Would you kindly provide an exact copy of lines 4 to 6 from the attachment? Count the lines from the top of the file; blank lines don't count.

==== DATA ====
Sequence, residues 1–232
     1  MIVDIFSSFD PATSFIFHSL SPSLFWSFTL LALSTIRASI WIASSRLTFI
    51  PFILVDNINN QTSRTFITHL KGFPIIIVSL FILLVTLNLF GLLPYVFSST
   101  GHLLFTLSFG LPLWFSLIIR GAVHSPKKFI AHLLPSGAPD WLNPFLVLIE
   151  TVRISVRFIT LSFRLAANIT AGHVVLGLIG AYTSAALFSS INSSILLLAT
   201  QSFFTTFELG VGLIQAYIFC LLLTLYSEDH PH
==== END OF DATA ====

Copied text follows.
   101  GHLLFTLSFG LPLWFSLIIR GAVHSPKKFI AHLLPSGAPD WLNPFLVLIE
   151  TVRISVRFIT LSFRLAANIT AGHVVLGLIG AYTSAALFSS INSSILLLAT
   201  QSFFTTFELG VGLIQAYIFC LLLTLYSEDH PH